CES proved there’s an onslaught of Android tablets headed our way this year, from the Entourage Edge to the Dell Mini 5 to the Notion Ink Adam. And of course, Judie and Dan have been familiarizing themselves with the Camangi Web Tablet. But something’s missing from this Android tablet equation: Where are the big eBook stores on Android?
Sure,is available, but there are a few drawbacks. One, eReader uses the PDB format, which at this point is almost a dead end. With their parent company Barnes and Noble throwing support to the ePUB format, there’s not a lot of benefit to building a library in PDB. eReader also has the micropay rebate system; personally, I don’t trust any form of “savings” that only gets translated into store credits, AND that doesn’t apply to the most popular items. Having said that, if you are like Judie and Dan with their large eReader/Fictionwise libraries, having the eReader app available is a plus. But they’re far from the biggest store out there or the best option for every consumer.
Since eReader is available, you’d think that Barnes and Noble would be on top of this with a branded app for their store. The nook runs on Android, so it’s not like they don’t know how to port it! Plus Barnes and Noble already offers apps for the iPhone, PC, Mac, and Blackberries; why not an Android version? I’d buy the argument that Android is a threat to the nook IF the nook were more like the Alex reader, with its full web browser, etc. The nook has nothing that even indicates Android out of the box, so it isn’t like the average buyer of a nook is going to change their mind and snap up a Camangi instead!
And then there’s the elephant in the room: Amazon Kindle. They have the Kindle readily available for the iPhone and iPod touch, as well as PCs (with Macs and Blackberries coming soon.) It’s possible they are concerned about cannibalizing Kindle sales, but if that were really a concern they wouldn’t have released an iPhone app. Pushing Kindle books onto Android phones just increases the library-share that Amazon has, and that leads to more Kindle owners. The only other reason I can think of for their avoiding Android is that the next Kindle will be similar to various Android web tablets. With Engadget’s rumor/speculation that the next Kindle will be sporting a Qualcomm Mirasol display, there’s a good chance the web browsing will be beefed up, and it could even be sporting video capabilities. Even so, if Android hits even a portion of the sales projections analysts have predicted, it’s a big target for the supposed ebook “market leader” to ignore.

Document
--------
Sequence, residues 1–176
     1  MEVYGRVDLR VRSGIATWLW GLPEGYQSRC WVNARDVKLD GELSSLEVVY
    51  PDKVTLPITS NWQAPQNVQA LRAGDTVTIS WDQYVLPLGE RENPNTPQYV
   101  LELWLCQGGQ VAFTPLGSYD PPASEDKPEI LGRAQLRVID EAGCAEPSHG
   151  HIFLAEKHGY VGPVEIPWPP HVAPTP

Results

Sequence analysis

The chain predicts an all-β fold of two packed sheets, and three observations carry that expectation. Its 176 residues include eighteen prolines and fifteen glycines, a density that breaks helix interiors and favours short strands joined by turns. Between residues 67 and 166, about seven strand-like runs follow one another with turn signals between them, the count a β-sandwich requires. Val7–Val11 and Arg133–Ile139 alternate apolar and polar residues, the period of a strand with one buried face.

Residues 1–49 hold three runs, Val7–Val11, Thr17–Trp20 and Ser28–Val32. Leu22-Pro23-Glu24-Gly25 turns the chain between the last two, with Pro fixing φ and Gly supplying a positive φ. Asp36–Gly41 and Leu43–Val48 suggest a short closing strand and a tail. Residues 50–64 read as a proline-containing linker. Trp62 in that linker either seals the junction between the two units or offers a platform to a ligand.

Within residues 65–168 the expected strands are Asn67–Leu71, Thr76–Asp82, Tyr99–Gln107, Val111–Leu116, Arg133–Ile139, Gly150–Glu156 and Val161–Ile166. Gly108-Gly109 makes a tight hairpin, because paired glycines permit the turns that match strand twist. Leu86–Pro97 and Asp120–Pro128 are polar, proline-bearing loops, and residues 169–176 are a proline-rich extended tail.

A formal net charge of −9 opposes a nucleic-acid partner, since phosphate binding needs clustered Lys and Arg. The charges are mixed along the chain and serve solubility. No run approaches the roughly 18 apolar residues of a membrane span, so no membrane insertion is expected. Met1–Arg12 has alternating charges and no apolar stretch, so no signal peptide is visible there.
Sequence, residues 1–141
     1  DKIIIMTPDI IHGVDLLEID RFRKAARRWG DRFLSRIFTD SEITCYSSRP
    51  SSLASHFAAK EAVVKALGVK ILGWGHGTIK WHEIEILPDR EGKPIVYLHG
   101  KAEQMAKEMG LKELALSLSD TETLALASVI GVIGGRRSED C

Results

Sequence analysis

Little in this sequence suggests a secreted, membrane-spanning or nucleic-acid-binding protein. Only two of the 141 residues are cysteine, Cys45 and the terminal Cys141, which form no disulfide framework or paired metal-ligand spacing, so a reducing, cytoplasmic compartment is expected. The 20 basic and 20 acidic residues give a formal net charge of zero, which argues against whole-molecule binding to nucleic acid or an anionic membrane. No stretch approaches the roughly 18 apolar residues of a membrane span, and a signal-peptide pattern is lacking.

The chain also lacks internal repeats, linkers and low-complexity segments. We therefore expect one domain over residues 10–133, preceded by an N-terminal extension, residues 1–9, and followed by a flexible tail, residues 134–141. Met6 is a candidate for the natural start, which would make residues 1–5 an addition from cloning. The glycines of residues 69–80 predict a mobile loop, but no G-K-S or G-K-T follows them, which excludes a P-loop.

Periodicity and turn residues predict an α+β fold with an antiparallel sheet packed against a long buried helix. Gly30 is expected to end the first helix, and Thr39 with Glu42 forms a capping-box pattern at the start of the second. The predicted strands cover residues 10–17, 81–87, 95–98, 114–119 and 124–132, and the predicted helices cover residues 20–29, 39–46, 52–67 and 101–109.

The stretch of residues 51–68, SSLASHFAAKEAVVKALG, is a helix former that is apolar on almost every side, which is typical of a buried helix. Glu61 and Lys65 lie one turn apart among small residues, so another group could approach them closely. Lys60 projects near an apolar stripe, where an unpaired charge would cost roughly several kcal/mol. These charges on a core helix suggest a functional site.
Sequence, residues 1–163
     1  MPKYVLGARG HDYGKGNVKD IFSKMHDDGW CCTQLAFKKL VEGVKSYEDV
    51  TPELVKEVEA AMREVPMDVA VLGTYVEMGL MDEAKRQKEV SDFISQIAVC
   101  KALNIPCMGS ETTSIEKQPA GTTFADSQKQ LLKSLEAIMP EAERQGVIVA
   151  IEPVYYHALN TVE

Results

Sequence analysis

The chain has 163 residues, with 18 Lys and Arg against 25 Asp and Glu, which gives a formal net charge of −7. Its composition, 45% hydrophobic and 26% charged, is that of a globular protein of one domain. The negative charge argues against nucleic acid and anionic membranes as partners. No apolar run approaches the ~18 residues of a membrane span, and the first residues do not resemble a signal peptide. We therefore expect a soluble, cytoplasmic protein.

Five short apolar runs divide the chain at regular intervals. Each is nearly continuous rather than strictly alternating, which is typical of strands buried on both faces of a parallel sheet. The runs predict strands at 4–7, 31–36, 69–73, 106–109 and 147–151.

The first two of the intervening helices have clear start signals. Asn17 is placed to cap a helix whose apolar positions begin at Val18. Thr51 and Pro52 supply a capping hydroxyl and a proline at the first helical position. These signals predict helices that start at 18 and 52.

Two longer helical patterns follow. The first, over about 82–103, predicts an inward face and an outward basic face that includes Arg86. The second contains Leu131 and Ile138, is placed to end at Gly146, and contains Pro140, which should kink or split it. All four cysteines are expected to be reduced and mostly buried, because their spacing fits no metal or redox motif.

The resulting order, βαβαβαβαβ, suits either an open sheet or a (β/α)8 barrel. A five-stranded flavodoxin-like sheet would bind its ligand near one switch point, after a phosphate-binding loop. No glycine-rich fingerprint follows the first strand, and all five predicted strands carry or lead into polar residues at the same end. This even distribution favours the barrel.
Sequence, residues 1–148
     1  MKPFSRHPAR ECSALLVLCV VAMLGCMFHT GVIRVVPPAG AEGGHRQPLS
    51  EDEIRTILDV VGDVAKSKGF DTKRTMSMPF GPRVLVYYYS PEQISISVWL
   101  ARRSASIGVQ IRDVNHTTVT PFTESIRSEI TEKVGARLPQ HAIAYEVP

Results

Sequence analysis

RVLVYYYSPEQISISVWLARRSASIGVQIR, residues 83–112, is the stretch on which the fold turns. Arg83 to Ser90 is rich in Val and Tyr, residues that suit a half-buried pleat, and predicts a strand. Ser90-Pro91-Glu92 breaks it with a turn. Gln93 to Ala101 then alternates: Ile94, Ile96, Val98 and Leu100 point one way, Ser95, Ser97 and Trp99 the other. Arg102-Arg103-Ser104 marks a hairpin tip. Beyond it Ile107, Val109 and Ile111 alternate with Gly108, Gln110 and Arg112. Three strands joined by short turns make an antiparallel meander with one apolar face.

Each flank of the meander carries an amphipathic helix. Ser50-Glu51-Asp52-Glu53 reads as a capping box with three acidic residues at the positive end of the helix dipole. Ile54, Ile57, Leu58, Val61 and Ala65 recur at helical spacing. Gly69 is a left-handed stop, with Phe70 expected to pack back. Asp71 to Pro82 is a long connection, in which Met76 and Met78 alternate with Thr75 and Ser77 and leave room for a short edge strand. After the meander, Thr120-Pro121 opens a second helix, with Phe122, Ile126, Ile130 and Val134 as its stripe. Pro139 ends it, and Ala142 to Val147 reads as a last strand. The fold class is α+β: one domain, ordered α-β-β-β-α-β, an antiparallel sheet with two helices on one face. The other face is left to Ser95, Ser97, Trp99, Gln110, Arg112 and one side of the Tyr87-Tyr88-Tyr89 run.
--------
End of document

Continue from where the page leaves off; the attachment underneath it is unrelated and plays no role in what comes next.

Worst of all, as far as I can tell, no DRM-capable ePUB reader available for Android. This is a huge frustration, since almost every ebook store except Amazon uses the ePUB standard, as do many library programs. This is a great opportunity for stores that do not have a major reader affiliation, or who want to have consumers build a library with their branded store. To be fair, there are a few ePUB readers, like FBReader and Aldiko, that read non-DRM ePUB quite nicely. But that still excludes a wide body of bestsellers and mid-list books that are not available on the open market without some sort of digital rights management. Shortcovers may or may not have DRM, but as far as I can tell I can’t load my own books into Shortcovers, so any support is moot. Plus, as I ranted before, the Shortcovers app seems half-baked, and depending it to improve does not seem likely.
Lack of ebook readers is not a dealbreaker for Android, but it would be nice. I keep eying all the new Android tablets coming out, and if I were to sink my hard earned cash into a full tablet I want a full ebook experience. Are you frustrated with the lack of solid ebook software for Android? You can contact Amazon here, and Barnes and Noble here!